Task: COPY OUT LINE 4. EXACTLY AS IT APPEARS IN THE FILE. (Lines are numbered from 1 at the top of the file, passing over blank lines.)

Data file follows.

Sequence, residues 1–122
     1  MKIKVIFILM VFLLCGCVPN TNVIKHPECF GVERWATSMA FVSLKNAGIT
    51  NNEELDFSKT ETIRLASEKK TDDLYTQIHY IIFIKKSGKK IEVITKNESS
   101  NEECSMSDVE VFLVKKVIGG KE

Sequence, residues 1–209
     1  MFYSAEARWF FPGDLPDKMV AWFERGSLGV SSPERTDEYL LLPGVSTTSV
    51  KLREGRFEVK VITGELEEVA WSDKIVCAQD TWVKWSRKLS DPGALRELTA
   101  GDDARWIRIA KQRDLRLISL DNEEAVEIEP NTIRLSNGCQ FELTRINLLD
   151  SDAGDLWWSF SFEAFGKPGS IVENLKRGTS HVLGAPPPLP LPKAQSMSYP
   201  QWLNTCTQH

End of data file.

   101  NEECSMSDVE VFLVKKVIGG KE